The following is an open letter to jazz musician Branford Marsalis, sent by the British Committee for the Universities of Palestine on 17 June:
Dear Branford Marsalis:
Inventive and independent musician that you are, it seems to us that you’re constantly exploring aspects of black American experience. And jazz is one of the most triumphant expressions of African Americans’ resistance to forced removal, ruthless suppression, and murderous racism.
Yet you are reportedly going to play a concert in a country whose government and army are even now inflicting similar cruelties on another people. Is it possible that when you agreed to play in Tel Aviv on 17 July, you did not think what message this would send to the indigenous inhabitants of Palestine, many of whom now live in refugee camps outside their homeland, or in exile across the world? They were driven out en masse in 1948 and 1967, and no Israeli government has ever allowed them, their children, or their children’s children, to return.
Palestinians may not have been transported in stinking, deathly slave-ships, but they are as unwilling a Diaspora as the millions of Africans whose forced labor and intense suffering built the wealth of the “New World” (and the old one).
We are writing to ask you to reconsider your decision to play in Israel. We are wondering how a musician with your sensitivity will be able to stand on a stage and play reflective, subtle jazz while less than an hour’s drive away, a million-and-a-half people in Gaza — two-thirds of them refugees — endure yet another night of hunger, darkness and fear because of the iron-clad siege the Israeli government has enforced against them for years.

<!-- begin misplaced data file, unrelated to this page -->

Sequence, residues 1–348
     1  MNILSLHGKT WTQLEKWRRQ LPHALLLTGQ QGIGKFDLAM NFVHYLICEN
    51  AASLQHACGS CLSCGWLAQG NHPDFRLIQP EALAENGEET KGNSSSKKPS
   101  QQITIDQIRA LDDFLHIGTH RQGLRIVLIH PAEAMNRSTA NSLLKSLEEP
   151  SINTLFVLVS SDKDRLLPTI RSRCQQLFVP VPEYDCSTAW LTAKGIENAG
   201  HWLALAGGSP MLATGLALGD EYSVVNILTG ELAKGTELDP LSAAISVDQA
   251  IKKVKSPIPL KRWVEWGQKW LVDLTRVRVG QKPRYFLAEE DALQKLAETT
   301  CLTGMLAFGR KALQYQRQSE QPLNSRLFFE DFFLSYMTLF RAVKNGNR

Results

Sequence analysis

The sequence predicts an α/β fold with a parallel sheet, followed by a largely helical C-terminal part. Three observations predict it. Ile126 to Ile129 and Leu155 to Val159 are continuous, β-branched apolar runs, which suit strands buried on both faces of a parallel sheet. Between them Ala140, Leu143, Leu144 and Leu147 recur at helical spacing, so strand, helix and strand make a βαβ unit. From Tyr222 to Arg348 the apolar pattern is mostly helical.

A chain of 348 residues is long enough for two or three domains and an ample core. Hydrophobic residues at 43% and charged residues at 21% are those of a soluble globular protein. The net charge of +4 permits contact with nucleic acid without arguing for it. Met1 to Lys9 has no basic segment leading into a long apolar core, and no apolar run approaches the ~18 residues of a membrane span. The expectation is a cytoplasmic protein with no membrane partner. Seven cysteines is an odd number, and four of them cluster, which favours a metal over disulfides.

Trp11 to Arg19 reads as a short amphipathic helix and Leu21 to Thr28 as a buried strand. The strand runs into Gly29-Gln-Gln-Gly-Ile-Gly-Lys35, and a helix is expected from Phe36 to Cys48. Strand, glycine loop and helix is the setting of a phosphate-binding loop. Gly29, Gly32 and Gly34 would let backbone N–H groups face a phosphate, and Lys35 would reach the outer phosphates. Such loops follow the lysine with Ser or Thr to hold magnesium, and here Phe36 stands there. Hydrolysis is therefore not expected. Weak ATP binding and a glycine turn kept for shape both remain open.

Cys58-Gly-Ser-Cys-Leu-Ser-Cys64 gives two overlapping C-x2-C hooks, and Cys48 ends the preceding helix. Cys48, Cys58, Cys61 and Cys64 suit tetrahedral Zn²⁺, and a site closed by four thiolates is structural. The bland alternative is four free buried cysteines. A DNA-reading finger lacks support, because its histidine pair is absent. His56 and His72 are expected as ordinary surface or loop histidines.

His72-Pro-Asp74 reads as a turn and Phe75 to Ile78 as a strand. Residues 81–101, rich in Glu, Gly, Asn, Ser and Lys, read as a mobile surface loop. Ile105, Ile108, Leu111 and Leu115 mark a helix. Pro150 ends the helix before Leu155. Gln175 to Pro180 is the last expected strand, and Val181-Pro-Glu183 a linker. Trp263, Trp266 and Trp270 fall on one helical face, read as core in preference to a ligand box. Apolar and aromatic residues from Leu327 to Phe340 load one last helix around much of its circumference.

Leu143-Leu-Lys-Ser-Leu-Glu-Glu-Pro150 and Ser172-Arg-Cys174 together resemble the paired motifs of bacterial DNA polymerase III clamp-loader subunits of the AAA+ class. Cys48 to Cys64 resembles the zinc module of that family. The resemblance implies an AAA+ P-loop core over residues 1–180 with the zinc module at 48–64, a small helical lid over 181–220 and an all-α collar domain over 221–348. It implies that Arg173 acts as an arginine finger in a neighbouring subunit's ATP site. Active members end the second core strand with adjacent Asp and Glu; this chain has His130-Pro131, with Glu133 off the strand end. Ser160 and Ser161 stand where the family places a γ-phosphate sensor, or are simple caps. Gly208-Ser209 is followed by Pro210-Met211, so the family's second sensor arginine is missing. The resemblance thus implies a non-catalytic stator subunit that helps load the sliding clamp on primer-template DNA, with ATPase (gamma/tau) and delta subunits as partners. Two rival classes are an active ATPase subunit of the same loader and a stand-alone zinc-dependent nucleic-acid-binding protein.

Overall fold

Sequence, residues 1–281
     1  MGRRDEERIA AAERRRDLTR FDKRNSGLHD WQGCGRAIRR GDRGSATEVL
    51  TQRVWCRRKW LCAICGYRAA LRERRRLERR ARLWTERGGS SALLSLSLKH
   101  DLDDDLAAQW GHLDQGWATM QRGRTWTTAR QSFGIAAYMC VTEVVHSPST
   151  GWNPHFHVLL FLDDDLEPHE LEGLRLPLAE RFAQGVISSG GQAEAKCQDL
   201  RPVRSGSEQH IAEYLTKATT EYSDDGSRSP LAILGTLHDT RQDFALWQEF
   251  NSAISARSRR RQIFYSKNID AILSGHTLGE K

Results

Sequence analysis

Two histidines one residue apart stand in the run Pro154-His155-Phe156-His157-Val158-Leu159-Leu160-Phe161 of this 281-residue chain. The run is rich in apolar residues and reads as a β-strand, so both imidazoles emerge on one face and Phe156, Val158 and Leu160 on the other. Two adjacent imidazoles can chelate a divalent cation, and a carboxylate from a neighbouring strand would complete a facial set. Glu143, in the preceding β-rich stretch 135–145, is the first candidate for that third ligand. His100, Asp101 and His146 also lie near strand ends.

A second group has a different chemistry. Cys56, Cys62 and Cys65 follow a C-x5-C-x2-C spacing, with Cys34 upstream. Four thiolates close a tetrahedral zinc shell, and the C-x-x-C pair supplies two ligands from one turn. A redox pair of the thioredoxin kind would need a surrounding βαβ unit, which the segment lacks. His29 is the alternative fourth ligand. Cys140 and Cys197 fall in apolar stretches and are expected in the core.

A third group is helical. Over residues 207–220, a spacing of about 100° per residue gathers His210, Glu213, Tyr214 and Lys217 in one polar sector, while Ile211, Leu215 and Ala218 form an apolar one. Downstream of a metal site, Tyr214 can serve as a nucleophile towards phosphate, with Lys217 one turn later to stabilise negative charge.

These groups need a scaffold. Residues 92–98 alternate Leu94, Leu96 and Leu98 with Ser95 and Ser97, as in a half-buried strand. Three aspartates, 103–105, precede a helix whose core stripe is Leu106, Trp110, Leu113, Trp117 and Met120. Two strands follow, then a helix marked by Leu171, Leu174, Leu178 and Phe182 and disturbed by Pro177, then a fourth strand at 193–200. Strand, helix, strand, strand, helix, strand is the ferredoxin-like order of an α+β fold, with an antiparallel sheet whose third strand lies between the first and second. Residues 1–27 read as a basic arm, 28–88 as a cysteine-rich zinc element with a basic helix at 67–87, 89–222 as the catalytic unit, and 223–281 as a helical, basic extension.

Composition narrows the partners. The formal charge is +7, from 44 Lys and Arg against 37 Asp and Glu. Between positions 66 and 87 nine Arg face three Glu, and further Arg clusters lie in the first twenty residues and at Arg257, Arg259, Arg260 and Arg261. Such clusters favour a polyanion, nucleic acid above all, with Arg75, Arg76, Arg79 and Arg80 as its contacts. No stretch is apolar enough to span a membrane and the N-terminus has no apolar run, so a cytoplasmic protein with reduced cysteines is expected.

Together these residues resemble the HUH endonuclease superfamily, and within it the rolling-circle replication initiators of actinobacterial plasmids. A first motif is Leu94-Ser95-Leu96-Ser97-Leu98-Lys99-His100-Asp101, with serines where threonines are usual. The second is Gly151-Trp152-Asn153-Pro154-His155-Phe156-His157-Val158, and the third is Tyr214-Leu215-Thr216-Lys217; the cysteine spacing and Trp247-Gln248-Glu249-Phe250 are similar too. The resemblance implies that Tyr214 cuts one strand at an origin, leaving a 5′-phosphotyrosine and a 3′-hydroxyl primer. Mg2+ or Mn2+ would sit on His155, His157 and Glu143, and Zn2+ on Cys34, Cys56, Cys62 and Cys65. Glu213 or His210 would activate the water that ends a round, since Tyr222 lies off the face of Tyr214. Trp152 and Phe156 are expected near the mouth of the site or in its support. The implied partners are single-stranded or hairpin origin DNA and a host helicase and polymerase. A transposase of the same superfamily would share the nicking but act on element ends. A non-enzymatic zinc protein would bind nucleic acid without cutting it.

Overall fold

Perhaps you saw that in May, former archbishop Desmond Tutu described this siege as an “abomination.” Maybe you read former US president Jimmy Carter’s article in the UK paper The Guardian, describing what the Israelis are doing to Palestinians in Gaza as “a terrible human rights crime.” How will you keep the echo of their words out of your head?
When Ken Burns interviewed you for his television series, you said what drew you to jazz is that it’s “about freedom.” Yet you will be playing to an audience whose government and army operate a rigid system of checkpoints that keep several million Palestinians in the West Bank and Gaza de facto prisoners in their towns and villages. Many in your audience will be young Israelis who are inflicting this misery — but Palestinian fans of Branford Marsalis from the occupied West Bank and Gaza Strip will not be allowed into Israel to hear you. Would you have agreed to play to a white South African audience under apartheid?
If you stand up on that stage in the Tel Aviv opera house you’ll be telling the Palestinians their suffering — the product of colonialism and racism — doesn’t matter. You’ll be saying you don’t care that Palestinian civil society has issued a strong call to artists to boycott Israel.  You’ll be giving a slap in the face to the Palestinian musicians, artists, filmmakers, writers and poets, who keep hope alive in circumstances meant to suffocate and crush them.
How can you, in all conscience, play Sonny Rollins’ “Freedom Suite” in Tel Aviv? Please don’t go.